5.6 The complainant in this case received a letter from the respondent dated 5 March 2004 announcing the closure of the factory where he worked and stating "Where redundancy is involved we will seek to be fair and equitable with all our staff." The letter did not advise the complainant that redundancy applied to him specifically. At the hearing, the respondent clarified that the first redundancy was in July 2004 and the last was in May 2005. Indeed the complainant's written submission states that redundancies were implemented on a phased basis from July. The respondent accepted that the complainant was the only person who retired between the announcement of the redundancies and the roll out of the redundancies. The complainant retired on 1 April 2004 on reaching sixty five years of age. He submitted at the hearing that he did not apply for an extension as he knew that someone applied the previous year and was refused. The complainant worked on the opposite shift to Mr. T but on the same machine as him. Mr. T was due to retire on 8 December 2004 but was made redundant in October 2004.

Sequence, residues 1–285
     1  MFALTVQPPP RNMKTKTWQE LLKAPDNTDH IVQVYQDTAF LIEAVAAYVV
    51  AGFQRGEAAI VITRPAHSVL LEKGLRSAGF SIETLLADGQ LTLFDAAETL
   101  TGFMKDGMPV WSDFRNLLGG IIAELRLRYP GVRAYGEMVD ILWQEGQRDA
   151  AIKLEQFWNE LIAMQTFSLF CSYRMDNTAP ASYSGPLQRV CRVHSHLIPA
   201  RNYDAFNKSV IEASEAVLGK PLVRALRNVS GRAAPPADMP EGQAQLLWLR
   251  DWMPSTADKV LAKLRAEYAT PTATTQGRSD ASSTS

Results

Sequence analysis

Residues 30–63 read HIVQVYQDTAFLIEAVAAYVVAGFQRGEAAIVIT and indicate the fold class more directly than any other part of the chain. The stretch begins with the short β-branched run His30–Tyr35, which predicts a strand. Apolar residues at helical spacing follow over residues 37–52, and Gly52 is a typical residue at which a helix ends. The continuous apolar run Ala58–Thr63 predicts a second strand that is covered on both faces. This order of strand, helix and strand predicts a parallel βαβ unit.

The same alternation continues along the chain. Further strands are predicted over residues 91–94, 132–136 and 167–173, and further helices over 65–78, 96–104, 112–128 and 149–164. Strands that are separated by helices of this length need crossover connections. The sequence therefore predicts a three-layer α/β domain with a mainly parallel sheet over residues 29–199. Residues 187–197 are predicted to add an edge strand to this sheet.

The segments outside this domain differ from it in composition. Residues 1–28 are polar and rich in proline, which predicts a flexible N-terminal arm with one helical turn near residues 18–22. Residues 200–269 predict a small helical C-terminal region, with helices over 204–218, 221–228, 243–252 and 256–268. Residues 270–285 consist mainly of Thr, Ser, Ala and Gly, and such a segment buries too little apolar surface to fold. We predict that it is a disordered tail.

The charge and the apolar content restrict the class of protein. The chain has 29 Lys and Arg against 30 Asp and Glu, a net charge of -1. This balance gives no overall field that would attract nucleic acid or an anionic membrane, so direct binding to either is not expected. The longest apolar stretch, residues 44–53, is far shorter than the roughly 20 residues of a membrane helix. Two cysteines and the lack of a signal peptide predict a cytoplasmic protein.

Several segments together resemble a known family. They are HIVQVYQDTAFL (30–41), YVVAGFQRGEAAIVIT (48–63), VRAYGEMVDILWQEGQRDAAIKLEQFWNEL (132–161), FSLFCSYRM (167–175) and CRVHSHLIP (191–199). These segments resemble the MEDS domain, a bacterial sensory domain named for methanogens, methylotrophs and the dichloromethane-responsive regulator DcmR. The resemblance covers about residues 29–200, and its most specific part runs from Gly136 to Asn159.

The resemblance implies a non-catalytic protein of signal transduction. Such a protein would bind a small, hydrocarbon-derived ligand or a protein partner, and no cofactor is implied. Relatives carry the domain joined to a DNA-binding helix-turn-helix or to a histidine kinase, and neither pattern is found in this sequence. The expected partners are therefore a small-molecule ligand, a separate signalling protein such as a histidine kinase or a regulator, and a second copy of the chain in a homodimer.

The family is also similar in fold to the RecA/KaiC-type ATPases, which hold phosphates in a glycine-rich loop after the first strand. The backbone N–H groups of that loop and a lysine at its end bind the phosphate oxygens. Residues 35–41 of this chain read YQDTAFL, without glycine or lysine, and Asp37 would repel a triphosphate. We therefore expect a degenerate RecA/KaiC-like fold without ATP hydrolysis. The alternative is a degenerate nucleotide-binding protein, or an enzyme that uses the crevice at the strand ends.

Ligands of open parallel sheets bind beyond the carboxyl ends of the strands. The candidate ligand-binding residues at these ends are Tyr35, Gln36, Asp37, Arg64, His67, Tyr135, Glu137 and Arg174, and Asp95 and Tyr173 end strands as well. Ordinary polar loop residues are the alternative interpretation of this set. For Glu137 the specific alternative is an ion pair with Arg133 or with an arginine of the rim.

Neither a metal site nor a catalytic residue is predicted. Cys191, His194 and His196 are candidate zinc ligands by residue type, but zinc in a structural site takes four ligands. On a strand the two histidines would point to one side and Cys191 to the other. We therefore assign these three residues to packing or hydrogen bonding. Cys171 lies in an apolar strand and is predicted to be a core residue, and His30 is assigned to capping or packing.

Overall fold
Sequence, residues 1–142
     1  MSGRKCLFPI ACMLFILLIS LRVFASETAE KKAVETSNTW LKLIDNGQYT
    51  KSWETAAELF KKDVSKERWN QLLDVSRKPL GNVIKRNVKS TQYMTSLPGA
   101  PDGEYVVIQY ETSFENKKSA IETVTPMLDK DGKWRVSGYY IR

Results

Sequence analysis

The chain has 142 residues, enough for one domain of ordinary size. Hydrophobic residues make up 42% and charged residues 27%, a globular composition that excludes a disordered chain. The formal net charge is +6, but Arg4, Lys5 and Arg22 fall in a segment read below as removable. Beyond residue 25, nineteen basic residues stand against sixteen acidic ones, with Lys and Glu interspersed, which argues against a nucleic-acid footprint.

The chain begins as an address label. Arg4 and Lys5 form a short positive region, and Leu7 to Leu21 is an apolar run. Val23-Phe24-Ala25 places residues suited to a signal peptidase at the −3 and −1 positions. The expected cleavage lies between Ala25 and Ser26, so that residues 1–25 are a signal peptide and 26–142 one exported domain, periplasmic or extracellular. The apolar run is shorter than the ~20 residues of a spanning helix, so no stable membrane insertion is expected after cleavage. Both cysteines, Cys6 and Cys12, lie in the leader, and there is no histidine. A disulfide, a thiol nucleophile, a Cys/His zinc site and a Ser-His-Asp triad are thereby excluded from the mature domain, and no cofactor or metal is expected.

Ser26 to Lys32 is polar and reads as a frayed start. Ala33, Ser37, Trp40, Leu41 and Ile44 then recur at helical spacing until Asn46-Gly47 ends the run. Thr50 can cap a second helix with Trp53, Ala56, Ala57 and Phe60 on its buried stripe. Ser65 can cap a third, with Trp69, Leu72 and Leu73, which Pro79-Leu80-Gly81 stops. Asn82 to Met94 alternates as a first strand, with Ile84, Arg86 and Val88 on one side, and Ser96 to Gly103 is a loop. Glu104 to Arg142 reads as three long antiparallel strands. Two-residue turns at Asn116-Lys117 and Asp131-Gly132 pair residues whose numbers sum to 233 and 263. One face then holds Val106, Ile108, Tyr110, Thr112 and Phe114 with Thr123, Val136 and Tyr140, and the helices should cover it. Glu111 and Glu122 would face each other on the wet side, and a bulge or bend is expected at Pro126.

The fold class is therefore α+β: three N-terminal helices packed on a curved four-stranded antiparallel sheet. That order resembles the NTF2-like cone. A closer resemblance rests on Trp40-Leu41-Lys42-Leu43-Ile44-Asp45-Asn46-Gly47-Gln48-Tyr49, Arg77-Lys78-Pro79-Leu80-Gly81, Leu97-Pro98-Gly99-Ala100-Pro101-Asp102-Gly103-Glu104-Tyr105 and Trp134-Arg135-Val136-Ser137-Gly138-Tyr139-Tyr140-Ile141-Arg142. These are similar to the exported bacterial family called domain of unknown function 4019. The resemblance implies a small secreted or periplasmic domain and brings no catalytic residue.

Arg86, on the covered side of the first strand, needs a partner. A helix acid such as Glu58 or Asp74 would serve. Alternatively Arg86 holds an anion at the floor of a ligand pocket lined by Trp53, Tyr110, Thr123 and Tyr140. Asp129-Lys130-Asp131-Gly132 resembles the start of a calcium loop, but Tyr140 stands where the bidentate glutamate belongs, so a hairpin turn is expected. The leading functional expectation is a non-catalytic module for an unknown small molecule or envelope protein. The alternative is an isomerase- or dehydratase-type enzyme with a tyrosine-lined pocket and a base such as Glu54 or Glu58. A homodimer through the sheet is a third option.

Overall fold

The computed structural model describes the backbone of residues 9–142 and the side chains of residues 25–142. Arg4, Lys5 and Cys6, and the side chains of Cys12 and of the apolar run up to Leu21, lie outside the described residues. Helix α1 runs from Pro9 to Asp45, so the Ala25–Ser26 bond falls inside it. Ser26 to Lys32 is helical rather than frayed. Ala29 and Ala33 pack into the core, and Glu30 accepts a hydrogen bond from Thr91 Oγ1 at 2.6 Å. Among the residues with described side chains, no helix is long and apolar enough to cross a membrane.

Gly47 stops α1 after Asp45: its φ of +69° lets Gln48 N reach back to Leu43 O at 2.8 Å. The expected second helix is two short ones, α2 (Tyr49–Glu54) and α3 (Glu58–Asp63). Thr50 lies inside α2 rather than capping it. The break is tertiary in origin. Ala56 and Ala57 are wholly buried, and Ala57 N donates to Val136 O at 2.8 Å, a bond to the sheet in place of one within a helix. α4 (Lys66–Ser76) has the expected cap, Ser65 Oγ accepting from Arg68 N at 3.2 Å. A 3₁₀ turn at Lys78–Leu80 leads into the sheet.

5.7 At the hearing, the respondent clarified that the machines were moved to Longford as determined by the needs of the business and as the machine was transferred, the person working on the particular machine was made redundant. The respondent submitted that it had four conciliation conferences with the Unions to determine the redundancy terms. A proposal in relation to the redundancies drawn up by the LRC following conciliation conferences on 17 May 2004, 27 May 2004 and 10 June 2004 was submitted in evidence. The proposal was recommended for acceptance by all parties and it referred to a ballot to take place on 21 June 2004 on site. A document titled "Wessel Works Pension Fund Unidare Section" and "Retirement Options Statement" dated 3 March 2004 detailed the two options available to the complainant on retirement which were an Unreduced Pension or a Reduced Pension and a Tax Free Lump Sum. On 25 March 2004, the complainant opted for Option 2 in a document addressed to the Trustee of the Wessel Works Pension Fund Unidare Section. On 16 September 2004, the complainant's representative wrote to the respondent seeking his share of the redundancy package. The respondent responded on 29 September 2004 stating that the complainant retired on 1 April 2004 and was not made redundant and was not therefore entitled to a redundancy package.